I don’t think it is going to be an issue, however. San Diego coach Mike McCoy told Werder that the team would adjust to Freeney. That doesn’t mean the Chargers (whose defensive coordinator is John Pagano -- the brother of Chuck Pagano, who was Freeney’s coach in Indianapolis last year) are going to totally scrap the 3-4 for a 33-year-old player. It means that the Chargers are multiple in their pass-defense looks and that Freeney could line up often in his customary 4-3 defensive end position.

In short, the Chargers will put Freeney in his comfort level. Many think he will succeed in San Diego.

“I like it, and I do think he has something left,” ESPN NFL Insider Matt Williamson said. “The Chargers are not a super strict 3-4, and Freeney did show that he can still be disruptive last year. … I wouldn’t give him all the snaps, but he certainly should be useful.”

ESPN analyst and former Indianapolis general manager Bill Polian told ESPN’s Chris Mortensen this: "There's no question he can fit with that scheme. There are no strict 3-4 defenses, or not many. … You take Dwight, you get his hand on the ground and play him for 30 to 40 snaps, let him get after the quarterback."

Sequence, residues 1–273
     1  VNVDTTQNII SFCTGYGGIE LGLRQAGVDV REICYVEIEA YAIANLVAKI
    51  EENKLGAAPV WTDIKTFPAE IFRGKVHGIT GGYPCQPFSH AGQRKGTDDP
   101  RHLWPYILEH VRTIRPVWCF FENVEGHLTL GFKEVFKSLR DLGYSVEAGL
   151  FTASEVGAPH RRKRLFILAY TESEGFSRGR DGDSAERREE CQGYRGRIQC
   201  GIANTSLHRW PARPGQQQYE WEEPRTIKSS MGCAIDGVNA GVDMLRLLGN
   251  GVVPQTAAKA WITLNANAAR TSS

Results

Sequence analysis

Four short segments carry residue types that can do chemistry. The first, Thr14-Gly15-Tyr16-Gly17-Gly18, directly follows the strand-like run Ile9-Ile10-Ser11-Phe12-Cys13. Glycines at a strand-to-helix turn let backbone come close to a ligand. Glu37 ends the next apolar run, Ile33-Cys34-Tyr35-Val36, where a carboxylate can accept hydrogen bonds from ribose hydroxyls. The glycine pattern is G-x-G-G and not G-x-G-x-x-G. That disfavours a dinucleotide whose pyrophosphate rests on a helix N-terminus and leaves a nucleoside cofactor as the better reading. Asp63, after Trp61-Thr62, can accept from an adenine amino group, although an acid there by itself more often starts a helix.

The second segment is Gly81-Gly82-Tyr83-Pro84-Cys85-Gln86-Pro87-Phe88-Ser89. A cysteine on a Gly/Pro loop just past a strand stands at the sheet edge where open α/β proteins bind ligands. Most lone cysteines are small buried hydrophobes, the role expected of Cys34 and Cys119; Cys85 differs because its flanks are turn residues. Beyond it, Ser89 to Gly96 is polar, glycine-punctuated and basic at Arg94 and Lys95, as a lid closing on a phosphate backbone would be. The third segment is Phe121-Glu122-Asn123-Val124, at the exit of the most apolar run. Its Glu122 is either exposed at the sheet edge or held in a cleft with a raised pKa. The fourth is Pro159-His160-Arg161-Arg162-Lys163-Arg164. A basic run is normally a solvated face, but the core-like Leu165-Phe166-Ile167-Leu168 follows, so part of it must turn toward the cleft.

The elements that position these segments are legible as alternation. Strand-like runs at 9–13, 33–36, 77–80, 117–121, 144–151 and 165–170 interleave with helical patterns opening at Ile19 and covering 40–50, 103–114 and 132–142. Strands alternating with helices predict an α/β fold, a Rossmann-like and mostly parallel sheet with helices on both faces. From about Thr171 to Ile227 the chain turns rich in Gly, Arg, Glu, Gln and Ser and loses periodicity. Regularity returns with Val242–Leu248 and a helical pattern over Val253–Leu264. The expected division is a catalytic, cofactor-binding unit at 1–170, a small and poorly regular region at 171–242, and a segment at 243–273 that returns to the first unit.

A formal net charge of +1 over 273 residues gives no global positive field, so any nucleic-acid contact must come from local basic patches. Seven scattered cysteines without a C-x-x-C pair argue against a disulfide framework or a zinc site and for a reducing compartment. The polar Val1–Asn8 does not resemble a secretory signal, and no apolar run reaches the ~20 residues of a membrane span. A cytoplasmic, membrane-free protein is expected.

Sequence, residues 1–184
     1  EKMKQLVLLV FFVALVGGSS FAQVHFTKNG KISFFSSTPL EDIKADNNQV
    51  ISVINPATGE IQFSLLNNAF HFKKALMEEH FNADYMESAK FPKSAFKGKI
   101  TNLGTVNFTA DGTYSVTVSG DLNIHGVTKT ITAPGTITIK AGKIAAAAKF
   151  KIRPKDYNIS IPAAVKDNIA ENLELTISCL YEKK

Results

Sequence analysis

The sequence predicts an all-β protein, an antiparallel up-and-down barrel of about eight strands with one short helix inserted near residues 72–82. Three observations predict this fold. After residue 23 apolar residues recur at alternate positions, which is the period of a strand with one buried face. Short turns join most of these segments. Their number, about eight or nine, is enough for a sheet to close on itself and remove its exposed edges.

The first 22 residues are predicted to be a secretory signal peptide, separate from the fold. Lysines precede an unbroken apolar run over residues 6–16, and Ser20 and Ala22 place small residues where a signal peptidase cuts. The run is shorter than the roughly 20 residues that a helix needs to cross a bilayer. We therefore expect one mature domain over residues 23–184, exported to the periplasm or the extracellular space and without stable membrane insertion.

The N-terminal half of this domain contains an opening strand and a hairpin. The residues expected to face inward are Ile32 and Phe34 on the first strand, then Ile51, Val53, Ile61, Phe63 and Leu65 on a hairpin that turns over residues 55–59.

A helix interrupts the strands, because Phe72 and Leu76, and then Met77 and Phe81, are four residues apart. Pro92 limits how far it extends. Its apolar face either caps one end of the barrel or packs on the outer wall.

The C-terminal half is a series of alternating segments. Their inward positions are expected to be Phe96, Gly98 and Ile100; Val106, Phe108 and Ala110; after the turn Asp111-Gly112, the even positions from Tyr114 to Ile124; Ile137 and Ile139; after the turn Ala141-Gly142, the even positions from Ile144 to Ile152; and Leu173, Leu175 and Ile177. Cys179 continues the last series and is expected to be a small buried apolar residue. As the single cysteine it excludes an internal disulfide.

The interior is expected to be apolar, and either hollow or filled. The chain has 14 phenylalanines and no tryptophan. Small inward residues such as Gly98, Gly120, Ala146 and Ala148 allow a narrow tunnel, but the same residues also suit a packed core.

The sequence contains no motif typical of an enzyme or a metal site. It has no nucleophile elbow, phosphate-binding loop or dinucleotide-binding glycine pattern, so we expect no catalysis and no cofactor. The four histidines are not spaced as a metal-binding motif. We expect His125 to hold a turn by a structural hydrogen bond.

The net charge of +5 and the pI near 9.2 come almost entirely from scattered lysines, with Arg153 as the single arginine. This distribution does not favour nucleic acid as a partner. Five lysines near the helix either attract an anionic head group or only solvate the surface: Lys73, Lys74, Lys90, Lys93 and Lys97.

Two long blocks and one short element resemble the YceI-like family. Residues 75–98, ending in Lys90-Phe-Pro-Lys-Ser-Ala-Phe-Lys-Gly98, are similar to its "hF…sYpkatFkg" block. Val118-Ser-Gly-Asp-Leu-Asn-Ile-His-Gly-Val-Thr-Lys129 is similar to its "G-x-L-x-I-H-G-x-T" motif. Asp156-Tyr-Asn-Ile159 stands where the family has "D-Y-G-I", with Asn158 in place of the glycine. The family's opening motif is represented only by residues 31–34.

One of the quarterbacks Freeney will be going after twice a season is close friend Peyton Manning. The two were longtime teammates with the Colts. Manning tried to recruit Freeney to Denver this offseason after Elvis Dumervil departed to Baltimore. Denver was considered the front-runner for Freeney, but the two sides couldn’t come to a financial accord. Somewhat ironically, Denver signed Phillips from San Diego instead. Had Freeney ended up in Denver, it likely would have been Phillips who would have replaced Ingram. USA Today reported that Denver had late talks with Freeney, but I suspect those were more cursory just to gauge whether it could steal him at the last moment.

In the end, I’m not sure whether the Chargers are better than they were before Ingram’s injury. They spent more money than expected, especially with a hole remaining at left tackle. The team is still talking to Max Starks, and the Chargers will get some cap relief June 1 as part of the Jared Gaither cut.